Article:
Sonali Kolhatkar speaks with Juan Cole, who is the Richard P. Mitchell Collegiate Professor of History at the University of Michigan.
He has written several books including The New Arabs: How the Wired and Global Youth of the Middle East Is Transforming It, Engaging the Muslim World, and Muhammad: Prophet of Peace Amid the Clash of Empires. He has a column at Truthdig.com and his blog, Informed Comment.
The New York Times and The Intercept this week published a trove of hundreds of leaked intelligence reports from Iran that were given to them by an unknown person claiming to be Iraqi.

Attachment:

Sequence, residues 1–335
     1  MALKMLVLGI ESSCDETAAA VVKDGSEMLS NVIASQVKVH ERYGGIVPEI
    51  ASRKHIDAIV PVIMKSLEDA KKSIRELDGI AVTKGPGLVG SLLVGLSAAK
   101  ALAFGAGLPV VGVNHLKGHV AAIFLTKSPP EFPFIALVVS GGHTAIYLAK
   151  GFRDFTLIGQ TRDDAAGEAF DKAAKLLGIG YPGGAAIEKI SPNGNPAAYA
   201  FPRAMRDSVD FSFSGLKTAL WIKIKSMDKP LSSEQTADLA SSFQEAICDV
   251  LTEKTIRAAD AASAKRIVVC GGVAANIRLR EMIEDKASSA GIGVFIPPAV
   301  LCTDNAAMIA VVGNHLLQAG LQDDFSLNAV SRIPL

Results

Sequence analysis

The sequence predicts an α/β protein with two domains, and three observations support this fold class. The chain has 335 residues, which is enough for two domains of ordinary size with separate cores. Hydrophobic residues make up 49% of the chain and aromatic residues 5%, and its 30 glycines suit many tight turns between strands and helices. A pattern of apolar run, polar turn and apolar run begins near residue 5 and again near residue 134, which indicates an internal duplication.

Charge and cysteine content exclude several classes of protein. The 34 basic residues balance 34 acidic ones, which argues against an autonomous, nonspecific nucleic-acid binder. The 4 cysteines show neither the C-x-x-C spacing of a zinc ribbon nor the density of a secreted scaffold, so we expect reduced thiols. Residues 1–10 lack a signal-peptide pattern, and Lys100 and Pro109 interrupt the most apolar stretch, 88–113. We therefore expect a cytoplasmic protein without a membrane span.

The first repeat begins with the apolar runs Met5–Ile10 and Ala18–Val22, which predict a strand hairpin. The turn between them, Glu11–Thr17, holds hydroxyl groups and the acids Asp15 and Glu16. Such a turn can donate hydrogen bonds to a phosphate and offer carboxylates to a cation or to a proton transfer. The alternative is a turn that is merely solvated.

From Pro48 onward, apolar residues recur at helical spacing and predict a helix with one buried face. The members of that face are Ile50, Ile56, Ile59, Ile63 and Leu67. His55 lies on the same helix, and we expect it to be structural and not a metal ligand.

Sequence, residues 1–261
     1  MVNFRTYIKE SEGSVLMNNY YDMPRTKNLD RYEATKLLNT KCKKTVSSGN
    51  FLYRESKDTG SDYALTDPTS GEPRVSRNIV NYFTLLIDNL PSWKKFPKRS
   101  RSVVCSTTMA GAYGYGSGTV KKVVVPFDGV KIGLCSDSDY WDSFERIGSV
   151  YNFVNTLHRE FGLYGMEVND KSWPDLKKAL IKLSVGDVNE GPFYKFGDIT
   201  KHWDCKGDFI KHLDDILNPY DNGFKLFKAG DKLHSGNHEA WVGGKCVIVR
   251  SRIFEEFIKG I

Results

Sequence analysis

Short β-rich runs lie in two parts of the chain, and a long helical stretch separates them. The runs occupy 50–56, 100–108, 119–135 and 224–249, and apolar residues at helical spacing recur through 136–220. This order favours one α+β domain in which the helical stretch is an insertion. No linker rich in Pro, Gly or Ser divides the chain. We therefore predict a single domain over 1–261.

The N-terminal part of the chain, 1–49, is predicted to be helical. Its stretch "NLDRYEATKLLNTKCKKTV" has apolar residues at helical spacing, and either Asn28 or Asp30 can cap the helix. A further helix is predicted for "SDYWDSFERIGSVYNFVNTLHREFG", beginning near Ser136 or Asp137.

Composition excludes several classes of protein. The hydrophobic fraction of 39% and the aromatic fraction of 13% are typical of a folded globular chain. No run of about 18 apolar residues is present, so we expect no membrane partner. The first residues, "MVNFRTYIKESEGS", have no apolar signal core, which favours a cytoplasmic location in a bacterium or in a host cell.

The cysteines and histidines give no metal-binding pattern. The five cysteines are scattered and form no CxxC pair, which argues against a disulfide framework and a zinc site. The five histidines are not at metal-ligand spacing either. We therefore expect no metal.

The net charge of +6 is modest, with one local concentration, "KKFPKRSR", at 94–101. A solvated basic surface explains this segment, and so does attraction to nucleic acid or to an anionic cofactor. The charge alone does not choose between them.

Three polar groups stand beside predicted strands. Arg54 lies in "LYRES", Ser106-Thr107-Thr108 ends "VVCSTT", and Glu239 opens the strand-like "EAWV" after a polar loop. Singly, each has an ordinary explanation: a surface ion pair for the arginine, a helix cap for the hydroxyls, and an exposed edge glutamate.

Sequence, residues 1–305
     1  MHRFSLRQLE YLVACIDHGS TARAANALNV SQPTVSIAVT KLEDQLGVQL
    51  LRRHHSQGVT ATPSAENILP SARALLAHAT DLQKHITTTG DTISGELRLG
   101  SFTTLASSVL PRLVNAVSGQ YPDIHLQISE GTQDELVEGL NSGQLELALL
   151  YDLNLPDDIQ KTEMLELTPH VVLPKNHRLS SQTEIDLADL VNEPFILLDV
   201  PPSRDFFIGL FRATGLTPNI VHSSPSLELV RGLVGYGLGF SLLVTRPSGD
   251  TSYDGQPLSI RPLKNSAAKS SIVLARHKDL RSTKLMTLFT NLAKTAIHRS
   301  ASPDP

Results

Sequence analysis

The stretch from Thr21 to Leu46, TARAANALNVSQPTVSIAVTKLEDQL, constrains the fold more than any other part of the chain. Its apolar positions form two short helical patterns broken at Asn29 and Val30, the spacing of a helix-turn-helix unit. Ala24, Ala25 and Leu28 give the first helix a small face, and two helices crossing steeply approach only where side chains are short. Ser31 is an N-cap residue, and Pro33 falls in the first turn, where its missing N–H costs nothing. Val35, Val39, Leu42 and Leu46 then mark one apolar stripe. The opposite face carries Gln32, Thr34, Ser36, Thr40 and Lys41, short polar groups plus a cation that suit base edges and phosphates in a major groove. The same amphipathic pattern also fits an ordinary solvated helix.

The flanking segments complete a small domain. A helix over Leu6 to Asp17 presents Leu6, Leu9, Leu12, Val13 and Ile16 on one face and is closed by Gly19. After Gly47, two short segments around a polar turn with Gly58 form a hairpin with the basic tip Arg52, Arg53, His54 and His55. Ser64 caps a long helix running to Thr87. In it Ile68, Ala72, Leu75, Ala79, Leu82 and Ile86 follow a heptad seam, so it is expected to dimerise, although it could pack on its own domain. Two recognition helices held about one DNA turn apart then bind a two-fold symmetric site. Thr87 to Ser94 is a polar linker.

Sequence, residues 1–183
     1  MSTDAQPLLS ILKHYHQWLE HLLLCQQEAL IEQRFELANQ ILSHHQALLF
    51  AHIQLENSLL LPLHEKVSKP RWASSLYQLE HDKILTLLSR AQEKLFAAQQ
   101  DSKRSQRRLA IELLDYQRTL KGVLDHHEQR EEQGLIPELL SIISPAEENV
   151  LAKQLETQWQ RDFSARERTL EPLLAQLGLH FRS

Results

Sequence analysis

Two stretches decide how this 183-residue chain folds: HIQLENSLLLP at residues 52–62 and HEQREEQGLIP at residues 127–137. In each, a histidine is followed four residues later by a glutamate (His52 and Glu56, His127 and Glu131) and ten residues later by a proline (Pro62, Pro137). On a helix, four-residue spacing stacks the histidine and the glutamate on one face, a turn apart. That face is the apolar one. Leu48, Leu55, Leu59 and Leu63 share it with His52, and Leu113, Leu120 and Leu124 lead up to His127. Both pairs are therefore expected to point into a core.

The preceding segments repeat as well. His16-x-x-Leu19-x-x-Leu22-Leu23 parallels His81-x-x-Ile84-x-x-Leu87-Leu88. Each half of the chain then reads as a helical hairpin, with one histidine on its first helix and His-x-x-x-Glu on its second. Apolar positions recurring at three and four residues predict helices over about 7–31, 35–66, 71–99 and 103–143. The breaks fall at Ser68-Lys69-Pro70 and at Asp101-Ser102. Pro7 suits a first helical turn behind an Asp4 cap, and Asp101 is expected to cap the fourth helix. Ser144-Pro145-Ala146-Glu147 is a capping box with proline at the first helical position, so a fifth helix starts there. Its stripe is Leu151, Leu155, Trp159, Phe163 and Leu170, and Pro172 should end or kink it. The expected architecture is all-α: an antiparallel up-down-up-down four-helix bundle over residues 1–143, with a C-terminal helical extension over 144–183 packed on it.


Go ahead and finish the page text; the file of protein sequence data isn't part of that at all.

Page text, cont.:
According to the Times, the documents, “offer a detailed portrait of just how aggressively Tehran has worked to embed itself into Iraqi affairs,” and show, “years of painstaking work by Iranian spies to co-opt the country’s leaders, pay Iraqi agents working for the Americans to switch sides and infiltrate every aspect of Iraq’s political, economic and religious life.”
The document dump comes at the same time that protests are rocking both Iran and Iraq. In Iran, massive demonstrations took place in about 100 cities after the government hiked up the price of fuel.
Iran’s Supreme Leader Ayatollah Ali Khamenei denounced the protesters as “thugs,” while the government shut down internet access across the country.
And in Iraq, a month into widespread anti-corruption protests, angry residents blockaded roads leading to oil fields and forced the closure of the Iraq Central Bank.
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